Cue sports title #2 for launch. We're spoiled in the modern era, with things like Wii Sports Tennis, or Virtua Tennis, for different reasons. In the 8-bit days, however, there were fewer options, and they weren't as robust. Those looking to get their hardcourt action on, in a portable form, could look no further than Nintendo's own Tennis. Taking a page from the NES game, of the same name, this improves the formula somewhat, by allowing for a proper, 3rd person, behind the back perspective for each player, when using the Link Cable for 2-player fun. However, there are a few problems that keep this one from being an Ace. First, the AI in the game is brutally difficult, so if you're playing legitimately against the CPU, prepare to get trounced repeatedly. Second, there's a bug in the game, that allows you to score a point by whiffing each serve attempt, by swinging your racket at the apex of the serve toss. It's an easy way to cheese the AI, and score on every serve, but it doesn't amount to much fun. It's still better than Baseball, because you can still actually score against the CPU, but the game runs you up against the wall pretty quickly on higher difficulties. I'll give his a half point, because it's the better of the 2 launch sports titles, and is still a decent representation of the sport, all things considered.


Of course I was going to save Super Mario Land for last. Not only is it a classic, but it's also a personal favorite. There was no way Nintendo wasn't going to put their flagship character/series on the handheld, but they boldly allowed R&D1 to do the job, rather than the character's creator, Shigeru Miyamoto, and his team. What resulted is a unique, charming little romp through a new place, called Sarasaland, and a few new faces, including the evil alien, Tatanga, and a new monarch, Princess Daisy. Changing up fireballs for super bouncy balls, and including a couple shoot-em-up stages, it adds enough to the existing Mario formula to keep it fresh, but not enough that it detracts from the core Mario experience. Some folks complain about the game's lack of inertia, or how Mario drops like a stone, after stepping off a platform. While these are valid concerns, I don't believe they're enough to stop Super Mario Land from being yet another awesome game in the Mario canon, and a fun little adventure that I come back to on an annual basis. I'd say this is an easy point scored for a game that translates the "Super Mario" experience pretty well to the small screen.

Let's tally the score, shall we? With 1 point for Tetris, a half point for Alleyway, a half point for Tennis, and a point for Super Mario Land, that makes the launch lineup a solid 3 out of 5. How many other consoles had as strong a list of games, at the time the system released to the public? I would contend that very few gaming platforms offered as many good-to-great experiences on day one. Some systems had more games on launch day, and a couple of those might have had more to offer, or a broader range of experiences, but for its time, the Game Boy's US releases were as strong a list as anyone had seen at launch. I think it's safe to say that, 30 years on, the Game Boy's initial spate of games was as much as anyone could ask for so early on.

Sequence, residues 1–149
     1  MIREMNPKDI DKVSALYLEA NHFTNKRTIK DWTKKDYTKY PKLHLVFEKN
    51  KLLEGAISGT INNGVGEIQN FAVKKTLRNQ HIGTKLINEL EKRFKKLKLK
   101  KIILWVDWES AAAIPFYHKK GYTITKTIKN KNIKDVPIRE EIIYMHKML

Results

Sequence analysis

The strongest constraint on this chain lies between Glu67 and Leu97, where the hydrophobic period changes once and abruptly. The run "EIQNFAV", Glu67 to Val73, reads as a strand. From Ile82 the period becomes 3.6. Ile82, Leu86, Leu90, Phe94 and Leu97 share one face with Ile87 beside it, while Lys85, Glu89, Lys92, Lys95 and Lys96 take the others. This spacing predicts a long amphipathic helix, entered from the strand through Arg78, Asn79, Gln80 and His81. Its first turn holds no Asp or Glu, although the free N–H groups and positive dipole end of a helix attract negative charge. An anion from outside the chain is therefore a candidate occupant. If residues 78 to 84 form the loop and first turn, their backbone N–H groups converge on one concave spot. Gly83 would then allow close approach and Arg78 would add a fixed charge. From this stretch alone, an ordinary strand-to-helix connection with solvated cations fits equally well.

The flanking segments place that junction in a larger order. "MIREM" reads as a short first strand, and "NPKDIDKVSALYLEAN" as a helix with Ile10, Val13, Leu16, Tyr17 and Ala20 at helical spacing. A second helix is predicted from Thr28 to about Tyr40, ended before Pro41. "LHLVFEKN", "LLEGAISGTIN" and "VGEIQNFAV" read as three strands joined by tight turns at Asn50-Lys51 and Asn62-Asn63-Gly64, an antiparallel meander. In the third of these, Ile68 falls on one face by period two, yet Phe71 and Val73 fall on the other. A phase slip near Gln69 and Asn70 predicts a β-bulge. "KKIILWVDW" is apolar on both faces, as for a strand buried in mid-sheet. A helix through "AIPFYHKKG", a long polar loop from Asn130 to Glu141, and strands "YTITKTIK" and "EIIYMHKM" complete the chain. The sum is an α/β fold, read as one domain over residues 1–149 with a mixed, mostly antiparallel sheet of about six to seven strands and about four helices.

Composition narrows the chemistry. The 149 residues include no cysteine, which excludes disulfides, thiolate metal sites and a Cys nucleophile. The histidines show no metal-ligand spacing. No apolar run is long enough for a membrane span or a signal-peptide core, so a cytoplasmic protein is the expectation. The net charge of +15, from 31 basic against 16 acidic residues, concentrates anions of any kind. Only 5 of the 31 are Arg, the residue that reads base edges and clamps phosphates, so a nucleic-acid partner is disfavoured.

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Comments
 
A fun retrospective, thanks!  And as a guy who cleared Alleyway on the car ride home (this was back when I played a whole lot of Arkanoid on C64) I would personally give it a full point.  I went back to it a lot more than Super Mario Land, which I only played on occasion and also finished on my first (and subsequent) try.  It was, as for most, mainly Tetris for me for the first couple years.  Nemesis was my next major purchase for the GBO, and I distinctly remember saving up $40 to buy it from K-Mart.  Played that a ton and cleared it all the way through also, and that took awhile.

Interestingly, although I played The Castlevania Adventure quite a bit upon release, I never cleared it until a couple weeks ago, along with the sequel, on the recently released compilation on the Nintendo Switch.  (also the Genesis Bloodlines.  I am not ashamed to say I used save-states, those end bosses were absurd.

Anyway, nice write-up and thanks for the nostalgia. Cheesy
 
@slackur: Thank you, sir! Alleyway is an odd little game, in the sense that, it scratches a certain itch, but not really well enough to get rid of it, but just satiate it for a bit. That's my biggest problem with the game. The simplicity doesn't bother me. It's just not compelling enough an experience (for me) to prompt me to keep going. Every time I got back to it, once I hit the wall, I'm not motivated enough to go further. I'm totally okay with that, because I have fun with it every time, but at some point, it would be nice to see the end. Still, it deserves some credit for its callback to Nintendo's humble video game beginnings, and is certainly well designed enough to be worth a look.